22. Such circumstances are place, time, and the like, which are adjuncts common to religious and civil acts.

23. These circumstances are likely to be called by some religious and ecclesiastical rites and ceremonies, but they have nothing proper to religion in their nature. Religious worship is not found in them; but the holiness of religious worship is in some way violated by their neglect and contempt. The common matter of order and decency which is equally necessary to religious and civil actions cannot be severed from religious worship without some loss of dignity and majesty.

24. Such circumstances, therefore, which are civil or social in their own nature are not specially commanded in the Scriptures partly because they are part of men’s common sense and partly because it would be beneath the dignity and majesty of the law of God that such things be prescribed one by one. On such a procedure many ridiculous things would have been handled by special law, e.g., that in the church assembly one should not sit on another’s lap, spit in another’s face, or make faces during worship. But the circumstances in question are to be counted as being in accord with God’s will. They are commanded, first, under the general law of order, decorum, and edification; second, most of them necessarily follow from the things expressly appointed by God. When God prescribed that the faithful of all sorts should meet together to celebrate his name and worship he ordained thereby that they should have some fit and suitable place to meet, an assigned hour when they could all be present; and when a minister is appointed by God to teach publicly, it follows that it is also appointed that he have a place to live and bodily conditions fit for his functions.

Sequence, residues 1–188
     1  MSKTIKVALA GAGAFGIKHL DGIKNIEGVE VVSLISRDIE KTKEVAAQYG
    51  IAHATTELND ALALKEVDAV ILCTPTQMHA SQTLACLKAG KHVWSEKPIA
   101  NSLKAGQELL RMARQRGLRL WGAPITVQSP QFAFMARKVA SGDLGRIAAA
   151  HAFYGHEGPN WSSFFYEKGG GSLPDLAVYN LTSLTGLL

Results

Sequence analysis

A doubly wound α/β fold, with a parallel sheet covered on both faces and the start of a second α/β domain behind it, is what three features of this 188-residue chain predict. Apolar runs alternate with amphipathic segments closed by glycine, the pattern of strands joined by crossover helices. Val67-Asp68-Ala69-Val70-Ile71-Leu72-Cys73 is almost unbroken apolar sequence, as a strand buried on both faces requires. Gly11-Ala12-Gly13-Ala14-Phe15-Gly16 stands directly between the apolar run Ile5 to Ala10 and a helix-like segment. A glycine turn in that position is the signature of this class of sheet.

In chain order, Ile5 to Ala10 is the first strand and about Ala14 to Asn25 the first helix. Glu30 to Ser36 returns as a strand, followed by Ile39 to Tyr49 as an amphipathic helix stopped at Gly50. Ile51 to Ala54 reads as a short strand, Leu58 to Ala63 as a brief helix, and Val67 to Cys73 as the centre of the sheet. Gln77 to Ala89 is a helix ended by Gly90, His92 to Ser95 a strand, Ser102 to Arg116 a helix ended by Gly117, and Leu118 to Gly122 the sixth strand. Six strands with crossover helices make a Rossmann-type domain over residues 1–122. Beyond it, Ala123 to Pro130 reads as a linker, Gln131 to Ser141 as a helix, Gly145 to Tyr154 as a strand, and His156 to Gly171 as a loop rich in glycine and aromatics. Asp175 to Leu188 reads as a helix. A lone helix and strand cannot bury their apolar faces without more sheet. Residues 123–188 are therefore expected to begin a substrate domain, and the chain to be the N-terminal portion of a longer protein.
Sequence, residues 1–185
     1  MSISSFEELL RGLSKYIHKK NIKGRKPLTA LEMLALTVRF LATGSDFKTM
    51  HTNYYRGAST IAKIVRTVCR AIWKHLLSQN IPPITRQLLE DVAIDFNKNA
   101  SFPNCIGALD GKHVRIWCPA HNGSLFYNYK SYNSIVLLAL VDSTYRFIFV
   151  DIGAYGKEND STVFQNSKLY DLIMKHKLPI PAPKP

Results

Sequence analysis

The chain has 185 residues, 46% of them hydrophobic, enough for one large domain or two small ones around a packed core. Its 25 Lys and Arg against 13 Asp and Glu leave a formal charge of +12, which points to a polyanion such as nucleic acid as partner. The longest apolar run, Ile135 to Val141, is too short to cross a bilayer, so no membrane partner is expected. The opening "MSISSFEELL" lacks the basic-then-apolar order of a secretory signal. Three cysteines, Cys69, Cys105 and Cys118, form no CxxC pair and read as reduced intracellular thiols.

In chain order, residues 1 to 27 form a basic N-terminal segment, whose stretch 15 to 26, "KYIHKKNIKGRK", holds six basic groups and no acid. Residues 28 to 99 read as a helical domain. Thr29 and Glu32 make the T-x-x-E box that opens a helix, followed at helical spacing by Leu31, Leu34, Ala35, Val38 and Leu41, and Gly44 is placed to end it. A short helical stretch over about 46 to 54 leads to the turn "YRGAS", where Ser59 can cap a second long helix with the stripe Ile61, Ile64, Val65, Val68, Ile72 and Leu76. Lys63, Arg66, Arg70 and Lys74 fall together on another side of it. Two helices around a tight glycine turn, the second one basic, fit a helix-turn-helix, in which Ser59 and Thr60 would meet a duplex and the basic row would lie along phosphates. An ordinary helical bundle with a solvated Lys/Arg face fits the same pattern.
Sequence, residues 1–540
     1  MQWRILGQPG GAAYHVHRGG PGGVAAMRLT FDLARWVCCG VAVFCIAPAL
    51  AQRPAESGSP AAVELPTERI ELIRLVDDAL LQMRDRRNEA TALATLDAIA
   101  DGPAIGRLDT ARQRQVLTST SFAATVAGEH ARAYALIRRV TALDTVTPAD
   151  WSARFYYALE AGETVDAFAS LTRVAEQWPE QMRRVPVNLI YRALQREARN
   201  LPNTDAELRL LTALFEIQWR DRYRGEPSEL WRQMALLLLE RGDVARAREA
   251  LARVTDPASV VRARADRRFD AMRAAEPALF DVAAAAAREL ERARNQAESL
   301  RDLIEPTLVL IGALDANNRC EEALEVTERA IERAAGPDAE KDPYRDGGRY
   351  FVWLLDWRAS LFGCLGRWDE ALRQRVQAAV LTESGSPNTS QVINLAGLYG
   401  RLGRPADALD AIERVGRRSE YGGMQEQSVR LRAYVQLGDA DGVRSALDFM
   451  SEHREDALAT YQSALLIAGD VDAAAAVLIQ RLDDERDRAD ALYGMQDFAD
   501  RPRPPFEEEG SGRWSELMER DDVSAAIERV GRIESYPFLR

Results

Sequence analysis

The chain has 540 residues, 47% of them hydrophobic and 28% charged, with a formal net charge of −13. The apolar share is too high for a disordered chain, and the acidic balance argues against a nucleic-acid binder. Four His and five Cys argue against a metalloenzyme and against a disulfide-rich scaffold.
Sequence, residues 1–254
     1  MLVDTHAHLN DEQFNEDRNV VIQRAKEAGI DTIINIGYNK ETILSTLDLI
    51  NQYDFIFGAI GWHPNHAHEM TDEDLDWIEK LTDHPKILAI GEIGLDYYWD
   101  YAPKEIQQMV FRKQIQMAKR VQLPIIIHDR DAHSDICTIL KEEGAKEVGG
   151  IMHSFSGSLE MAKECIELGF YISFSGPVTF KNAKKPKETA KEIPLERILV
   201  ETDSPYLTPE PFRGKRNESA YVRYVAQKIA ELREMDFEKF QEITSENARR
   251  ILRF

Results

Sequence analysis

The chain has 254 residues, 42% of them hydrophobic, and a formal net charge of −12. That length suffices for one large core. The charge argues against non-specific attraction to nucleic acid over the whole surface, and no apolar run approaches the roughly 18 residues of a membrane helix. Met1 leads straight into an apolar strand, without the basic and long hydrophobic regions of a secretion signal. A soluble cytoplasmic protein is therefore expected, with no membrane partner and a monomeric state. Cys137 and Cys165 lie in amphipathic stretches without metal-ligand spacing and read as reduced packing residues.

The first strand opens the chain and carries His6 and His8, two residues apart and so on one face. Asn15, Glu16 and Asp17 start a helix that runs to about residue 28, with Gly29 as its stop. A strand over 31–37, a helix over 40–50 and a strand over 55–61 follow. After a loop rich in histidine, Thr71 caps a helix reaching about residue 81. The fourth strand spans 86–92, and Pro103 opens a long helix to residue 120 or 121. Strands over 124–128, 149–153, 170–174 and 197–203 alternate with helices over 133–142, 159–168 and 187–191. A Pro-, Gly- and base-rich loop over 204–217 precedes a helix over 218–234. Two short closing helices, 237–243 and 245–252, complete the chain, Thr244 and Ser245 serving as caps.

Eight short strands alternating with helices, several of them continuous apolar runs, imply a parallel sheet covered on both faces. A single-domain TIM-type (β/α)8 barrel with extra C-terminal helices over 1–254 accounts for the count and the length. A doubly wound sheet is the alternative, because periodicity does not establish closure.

25. These matters of order and decency, therefore, are not left to man’s choice so that on that score he may foist whatever he pleases upon the churches. They are determined partly by the general precepts of God, partly by the nature of the things themselves, and partly by the circumstances of the occasion.

26. The various circumstances of order and decency are such that, though they have not been historically instituted, their principles must be observed by everyone. Indeed, men cannot forbid them without sin.